|Publication number||US5639074 A|
|Application number||US 08/611,055|
|Publication date||Jun 17, 1997|
|Filing date||Mar 5, 1996|
|Priority date||Mar 5, 1996|
|Publication number||08611055, 611055, US 5639074 A, US 5639074A, US-A-5639074, US5639074 A, US5639074A|
|Inventors||Michael Greenhill, David Maxwell|
|Original Assignee||Smalley Steel Ring Co.|
|Export Citation||BiBTeX, EndNote, RefMan|
|Patent Citations (24), Non-Patent Citations (6), Referenced by (103), Classifications (5), Legal Events (4)|
|External Links: USPTO, USPTO Assignment, Espacenet|
The present invention relates generally to wave springs, and more particularly to an interlaced wave spring having improved fatigue and operating characteristics.
Springs are used in a variety of mechanical applications. Numerous types of springs are known in the art and each type has certain advantages and disadvantages which affect the use of the spring. Examples of known springs are coil springs, disc springs, Belleville springs, wave washers and wave springs.
The coil spring is perhaps the best known type of spring. Coil springs are typically made from round wire by coiling wire around a mandrel at a helical pitch for a specific number of turns to provide a spring with a particular length. The ends of such springs may be finished with hook ends, for example, so that the spring may be engaged between two members. The ends may also be ground flat to provide end bearing surfaces when the spring is used in compression applications. Coil springs may be made in any length and for the most part, with any diameter of wire and are suitable for light and heavy-duty applications. An example of a heavy-duty coil spring is described in U.S. Pat. No. 1,523,225, issued Jan. 13, 1925.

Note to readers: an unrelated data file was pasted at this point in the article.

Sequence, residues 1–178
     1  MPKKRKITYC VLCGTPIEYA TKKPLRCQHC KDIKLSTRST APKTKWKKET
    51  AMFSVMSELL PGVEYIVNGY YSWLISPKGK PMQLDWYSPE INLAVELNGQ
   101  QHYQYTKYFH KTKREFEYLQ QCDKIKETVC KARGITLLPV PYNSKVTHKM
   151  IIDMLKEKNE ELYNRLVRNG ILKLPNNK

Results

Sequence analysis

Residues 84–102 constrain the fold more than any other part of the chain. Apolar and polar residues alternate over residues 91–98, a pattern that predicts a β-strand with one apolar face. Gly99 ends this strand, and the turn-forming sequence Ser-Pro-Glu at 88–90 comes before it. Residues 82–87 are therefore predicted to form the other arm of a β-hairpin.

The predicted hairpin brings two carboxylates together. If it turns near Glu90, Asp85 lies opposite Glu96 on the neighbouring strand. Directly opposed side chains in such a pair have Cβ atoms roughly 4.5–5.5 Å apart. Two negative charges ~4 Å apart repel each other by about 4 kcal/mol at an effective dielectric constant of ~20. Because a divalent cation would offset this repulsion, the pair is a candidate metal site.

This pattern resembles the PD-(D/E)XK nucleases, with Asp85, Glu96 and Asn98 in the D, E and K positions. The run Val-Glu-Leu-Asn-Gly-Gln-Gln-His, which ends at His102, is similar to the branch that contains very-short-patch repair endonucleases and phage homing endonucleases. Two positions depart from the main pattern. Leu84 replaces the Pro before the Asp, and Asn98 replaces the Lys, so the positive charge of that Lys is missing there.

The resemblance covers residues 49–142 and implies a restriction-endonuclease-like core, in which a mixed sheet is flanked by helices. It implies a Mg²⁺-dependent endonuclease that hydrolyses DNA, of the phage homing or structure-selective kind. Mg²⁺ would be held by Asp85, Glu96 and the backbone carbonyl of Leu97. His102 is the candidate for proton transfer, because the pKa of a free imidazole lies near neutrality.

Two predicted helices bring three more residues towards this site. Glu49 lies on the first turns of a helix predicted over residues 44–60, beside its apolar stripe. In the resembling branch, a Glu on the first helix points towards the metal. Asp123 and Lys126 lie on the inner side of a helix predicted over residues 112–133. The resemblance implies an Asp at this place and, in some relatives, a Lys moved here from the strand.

Belleville washers are another type of spring and are typically stamped from sheet metal. A Belleville washer acts like a spring because it is conical in shape and has an inherent flexibility due to the conical shape. Such washers may be used in a variety of light to medium duty applications. They are expensive to produce and require special tooling and also have a tendency to invert when overloaded so their deflection characteristics change. Such a spring washer is described in U.S. Pat. No. 3,319,508, issued May 16, 1967.
Disc springs are similar to Belleville washers and are also stamped out of a sheet or strip of metal. They are expensive to produce because they require special tooling. They may be used for heavy-duty applications where they must resist and support large loads. However, when overloaded, the deflection characteristics of these springs are different from that of compression coil springs because, when overloaded disc springs have a tendency to invert and collapse.
Wave washers are also similar to Belleville washers in that they are stamped from sheet metal, but with a wave pattern formed in them. These type of washers include only a single turn. The wave pattern provides the operating length for the spring and provides a means for the washer to support loads.
The wave pattern used for wave washers has also been used in wave springs such as that described in U.S. Pat. No. 4,752,178 issued Jun. 21, 1988, which is assigned to the assignee of the present invention. As shown in this patent, a wave spring which is particularly suitable for use in retaining ring-type applications, includes one or more flat wire turns which are circularly wound and waved in a sinusoidal pattern to provide a wave spring having a predesired thickness which thickness is defined by the total number of spring turns of the spring.
The wave pattern has also been incorporated into springs wherein the spring turns have a sinusoidal shape. These type of wave springs are described in the art as "crest-to-crest" wave springs because the individual spring turns are oriented in a manner so that successive crest portions of one spring turn abut successive trough portions of each adjacent spring turn. Wave springs provide certain advantages over coil springs, primarily in terms of space-savings, because the wave spring provides the same load deflection characteristics as a coil spring but in a shorter length. Also, more precise spring loading is obtained with the use of wave springs because of their uniform waved structure.